Not Merely a Theoretical Deduction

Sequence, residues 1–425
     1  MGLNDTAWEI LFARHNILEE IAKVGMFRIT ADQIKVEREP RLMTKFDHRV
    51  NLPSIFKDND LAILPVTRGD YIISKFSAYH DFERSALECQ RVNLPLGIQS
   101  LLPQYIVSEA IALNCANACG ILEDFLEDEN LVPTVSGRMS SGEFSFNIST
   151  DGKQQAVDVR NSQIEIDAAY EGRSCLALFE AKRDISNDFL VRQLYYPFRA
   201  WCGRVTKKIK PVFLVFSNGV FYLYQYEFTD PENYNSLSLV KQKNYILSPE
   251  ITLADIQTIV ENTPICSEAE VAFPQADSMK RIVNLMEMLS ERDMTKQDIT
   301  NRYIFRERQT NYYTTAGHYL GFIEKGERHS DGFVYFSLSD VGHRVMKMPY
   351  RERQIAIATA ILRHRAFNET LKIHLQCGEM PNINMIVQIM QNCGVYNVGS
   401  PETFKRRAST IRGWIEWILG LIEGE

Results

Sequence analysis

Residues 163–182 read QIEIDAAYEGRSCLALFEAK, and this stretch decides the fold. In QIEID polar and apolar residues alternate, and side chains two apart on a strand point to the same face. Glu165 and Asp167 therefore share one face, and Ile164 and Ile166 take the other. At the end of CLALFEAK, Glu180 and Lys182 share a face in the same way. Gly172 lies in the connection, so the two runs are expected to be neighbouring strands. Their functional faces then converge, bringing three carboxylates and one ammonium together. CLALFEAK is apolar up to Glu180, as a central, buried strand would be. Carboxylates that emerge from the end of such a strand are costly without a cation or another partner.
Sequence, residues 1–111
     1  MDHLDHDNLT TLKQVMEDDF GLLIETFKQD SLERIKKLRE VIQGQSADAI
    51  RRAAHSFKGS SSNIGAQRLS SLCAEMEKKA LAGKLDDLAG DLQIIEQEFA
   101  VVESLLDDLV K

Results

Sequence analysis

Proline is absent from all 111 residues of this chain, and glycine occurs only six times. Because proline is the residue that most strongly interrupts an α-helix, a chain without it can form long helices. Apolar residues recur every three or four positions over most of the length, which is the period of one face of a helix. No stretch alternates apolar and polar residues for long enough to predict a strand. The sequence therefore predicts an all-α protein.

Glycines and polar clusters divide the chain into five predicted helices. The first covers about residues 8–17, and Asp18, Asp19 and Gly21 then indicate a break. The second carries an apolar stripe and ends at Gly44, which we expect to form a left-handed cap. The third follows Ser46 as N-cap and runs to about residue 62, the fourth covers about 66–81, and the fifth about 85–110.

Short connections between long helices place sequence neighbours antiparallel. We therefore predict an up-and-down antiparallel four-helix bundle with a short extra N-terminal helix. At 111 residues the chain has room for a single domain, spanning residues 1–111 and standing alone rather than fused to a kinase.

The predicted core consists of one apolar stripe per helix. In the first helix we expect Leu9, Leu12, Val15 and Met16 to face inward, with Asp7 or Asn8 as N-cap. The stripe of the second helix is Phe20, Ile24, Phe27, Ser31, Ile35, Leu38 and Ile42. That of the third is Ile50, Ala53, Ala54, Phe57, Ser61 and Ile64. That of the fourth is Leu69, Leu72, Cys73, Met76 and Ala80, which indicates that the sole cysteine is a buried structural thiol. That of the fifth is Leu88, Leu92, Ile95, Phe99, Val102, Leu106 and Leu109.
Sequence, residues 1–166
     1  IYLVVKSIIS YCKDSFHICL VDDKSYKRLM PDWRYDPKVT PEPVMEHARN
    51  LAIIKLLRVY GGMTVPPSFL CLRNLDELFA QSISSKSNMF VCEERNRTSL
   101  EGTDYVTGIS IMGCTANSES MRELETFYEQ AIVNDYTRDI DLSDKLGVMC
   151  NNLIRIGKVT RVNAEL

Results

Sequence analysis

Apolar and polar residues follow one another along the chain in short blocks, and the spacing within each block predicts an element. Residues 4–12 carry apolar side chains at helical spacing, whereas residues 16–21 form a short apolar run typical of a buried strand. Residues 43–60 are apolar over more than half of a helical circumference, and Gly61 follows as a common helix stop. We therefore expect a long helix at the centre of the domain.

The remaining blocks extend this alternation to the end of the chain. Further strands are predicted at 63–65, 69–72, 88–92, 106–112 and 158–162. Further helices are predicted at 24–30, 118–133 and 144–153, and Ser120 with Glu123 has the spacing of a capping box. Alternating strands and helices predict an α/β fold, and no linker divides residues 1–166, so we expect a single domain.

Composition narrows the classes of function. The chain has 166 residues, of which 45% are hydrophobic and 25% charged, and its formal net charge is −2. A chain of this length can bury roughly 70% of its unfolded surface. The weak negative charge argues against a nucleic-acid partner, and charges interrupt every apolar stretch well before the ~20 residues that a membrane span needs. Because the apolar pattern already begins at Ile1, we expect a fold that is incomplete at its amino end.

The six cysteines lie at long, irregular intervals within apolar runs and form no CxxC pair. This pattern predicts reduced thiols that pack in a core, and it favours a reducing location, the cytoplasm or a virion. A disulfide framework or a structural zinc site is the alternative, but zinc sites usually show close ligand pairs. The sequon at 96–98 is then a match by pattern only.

Libertarians wish to limit the role of the state to specific, sharply circumscribed tasks, among which the protection of property rights is by far the most important. It is therefore not correct to assume that libertarians are calling for a smaller state since the imperative need to protect property calls for any means necessary and that often includes a much larger state. No doubt Libertarians would prefer a tiny state, indeed one small enough to drown in the bathtub, but that’s a utopian goal impractical for the foreseeable future for existing Libertarianism, aka Libertarianism in one country. In fact, under contemporary circumstances, the Libertarian program is a recipe for a greatly enlarged state. That’s because the greater the degree of inequality in a society, the more pressing the need for a powerful government to protect the possessors of great wealth by maintaining an enormous military, by hiring additional police and giving them a freer hand, by making the justice system more punitive and arbitrary, by building more prisons and filling them up, by instituting comprehensive surveillance systems, and by infiltrating possible dissident groups with spies and provocateurs. Of course, one could hope—one could have hoped—that inequality would not grow to the point that all this would be necessary; but here’s the problem. While libertarianism is keen on the state’s police power, it insists that government has no business doing anything that would effectively lessen inequality. Unfortunately, the existing economic system has a built-in tendency to increase disparities of wealth and income if only because the best way to acquire money is to already possess it. This built-in positive feedback loop has profoundly destabilizing effects, which is why all the developed nations have developed mechanisms of income and wealth redistribution, not to destroy capitalism, but precisely to allow it to continue. Libertarianism maintains that all of these mechanisms—progressive income and inheritance taxes, welfare, public education, social insurance schemes, universal health insurance—are illegitimate. In the absence of effective redistribution, the only option is greater state power to protect the haves from the have nots. Libertarianism, for all its advertised hostility to government, promotes a larger state much as the Bolsheviks created a totalitarian state in the name of a philosophy that called for the withering away of the state.